This article originally appeared in the July 1997 issue of Consensus, a newspaper
published jointly by the Consensus Building Institute and the MIT-Harvard
Public Disputes Program.
Washington, D.C. — Government’s rising use of
consensus, public consultation, and mediation processes has been accompanied by a growing
number of rosters to help federal and state agencies find neutrals for environmental and
policy cases. In contrast to other public ADR activity, these rosters’ operations
have stimulated little objective scrutiny or systematic commentary (but considerable
speculation and sub rosa grumbling). This may change as an increasing number of
agencies — including some with policy-making and enforcement responsibilities —
establish and make routine use of rosters and similar devices.
These rosters differ greatly in their contexts and purposes, as well as in their usage,
exclusivity, openness, and operating philosophies. Some are well-planned, while little
forethought has gone into establishing others. The word “roster” conjures up
many images, ranging from an administrator artfully matching neutrals with disputants all
the way to a bureaucratic black box in which cronyism, or biases, play shrouded roles. At
this early stage in policy rosters’ history, policy neutrals, as well as those who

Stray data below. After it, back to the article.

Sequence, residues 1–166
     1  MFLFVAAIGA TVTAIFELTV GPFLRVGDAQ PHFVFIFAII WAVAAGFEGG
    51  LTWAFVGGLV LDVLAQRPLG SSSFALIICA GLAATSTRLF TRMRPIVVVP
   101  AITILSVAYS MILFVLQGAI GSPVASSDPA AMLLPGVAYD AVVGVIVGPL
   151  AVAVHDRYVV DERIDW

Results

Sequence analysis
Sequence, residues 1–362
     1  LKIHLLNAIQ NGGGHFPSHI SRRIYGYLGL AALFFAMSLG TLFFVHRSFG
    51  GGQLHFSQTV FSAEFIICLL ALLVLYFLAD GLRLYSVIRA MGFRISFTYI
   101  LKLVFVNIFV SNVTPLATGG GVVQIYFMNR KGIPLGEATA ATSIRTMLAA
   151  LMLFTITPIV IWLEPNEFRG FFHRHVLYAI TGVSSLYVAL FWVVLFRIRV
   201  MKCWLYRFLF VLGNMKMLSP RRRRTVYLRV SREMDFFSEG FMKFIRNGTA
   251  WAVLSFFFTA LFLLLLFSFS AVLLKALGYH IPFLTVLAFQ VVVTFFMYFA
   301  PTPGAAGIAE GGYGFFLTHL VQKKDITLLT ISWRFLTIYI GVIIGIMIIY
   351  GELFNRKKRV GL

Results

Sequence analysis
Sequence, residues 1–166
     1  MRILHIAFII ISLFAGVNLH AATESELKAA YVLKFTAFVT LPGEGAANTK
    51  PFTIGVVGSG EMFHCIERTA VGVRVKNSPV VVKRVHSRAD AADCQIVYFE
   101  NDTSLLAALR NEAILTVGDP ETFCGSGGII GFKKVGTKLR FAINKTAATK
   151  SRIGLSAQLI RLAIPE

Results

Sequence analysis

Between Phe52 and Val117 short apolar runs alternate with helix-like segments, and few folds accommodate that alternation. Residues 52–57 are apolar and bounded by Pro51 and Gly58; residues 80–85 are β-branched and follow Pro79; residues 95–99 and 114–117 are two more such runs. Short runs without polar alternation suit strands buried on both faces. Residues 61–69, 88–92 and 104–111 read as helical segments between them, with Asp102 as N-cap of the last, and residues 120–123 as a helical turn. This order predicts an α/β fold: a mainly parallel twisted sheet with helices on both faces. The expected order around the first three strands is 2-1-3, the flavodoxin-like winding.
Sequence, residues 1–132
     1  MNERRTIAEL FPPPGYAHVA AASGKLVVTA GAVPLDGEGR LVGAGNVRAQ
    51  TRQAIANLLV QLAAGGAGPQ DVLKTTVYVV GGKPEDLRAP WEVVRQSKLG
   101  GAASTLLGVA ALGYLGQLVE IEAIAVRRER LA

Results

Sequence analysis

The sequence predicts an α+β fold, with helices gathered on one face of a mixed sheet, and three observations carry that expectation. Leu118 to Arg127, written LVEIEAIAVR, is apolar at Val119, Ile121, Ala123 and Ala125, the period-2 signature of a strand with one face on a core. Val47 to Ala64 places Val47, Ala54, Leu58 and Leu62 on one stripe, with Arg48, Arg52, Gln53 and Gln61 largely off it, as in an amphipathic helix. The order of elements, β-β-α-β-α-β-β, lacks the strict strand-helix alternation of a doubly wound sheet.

administer and use the rosters, should focus on promotion of “best administrative
practices,” information sharing among managers, and self-examination regarding how
these rosters are established and run.
Government agency involvement
While some of the longest-lived ADR rosters operate under the auspices of private
not-for-profit organizations (such as the American Arbitration Association), an increasing
number are being sponsored, and sometimes operated, by federal and state agencies. Some,
like the Federal Deposit Insurance Corp., themselves list neutrals deemed capable of
handling typical regulatory or management disputes.
The U.S. Dept. of Labor announced in February a new plan for expanded enforcement ADR
using neutrals from “a roster of qualified persons,” and stated that it “is
considering entering into an agreement with a qualified nation-wide contractor . . . who
would handle the administration of the roster.” State dispute-resolution agencies in
Florida, Massachusetts, Washington, and Oregon have established rosters for environmental,
land-use, or policy mediation. Several state farmer-lender and agricultural mediation
programs maintain rosters, and a few have begun to extend their activities to
environmental and policy cases.
Other agencies use devices that operate like rosters but are technically mechanisms for
expedited acquisition of neutrals’ services under government procurement systems. The
Environmental Protection Agency (EPA) and the Army Corps of Engineers each uses an
umbrella contract with a prime contractor that helps assign cases among several
subcontractors. The General Services Administration (GSA) is establishing a supply
schedule listing mediators for civil rights cases. EPA is now considering supplementing
(or possibly replacing part of) its system with a nationwide roster of environmental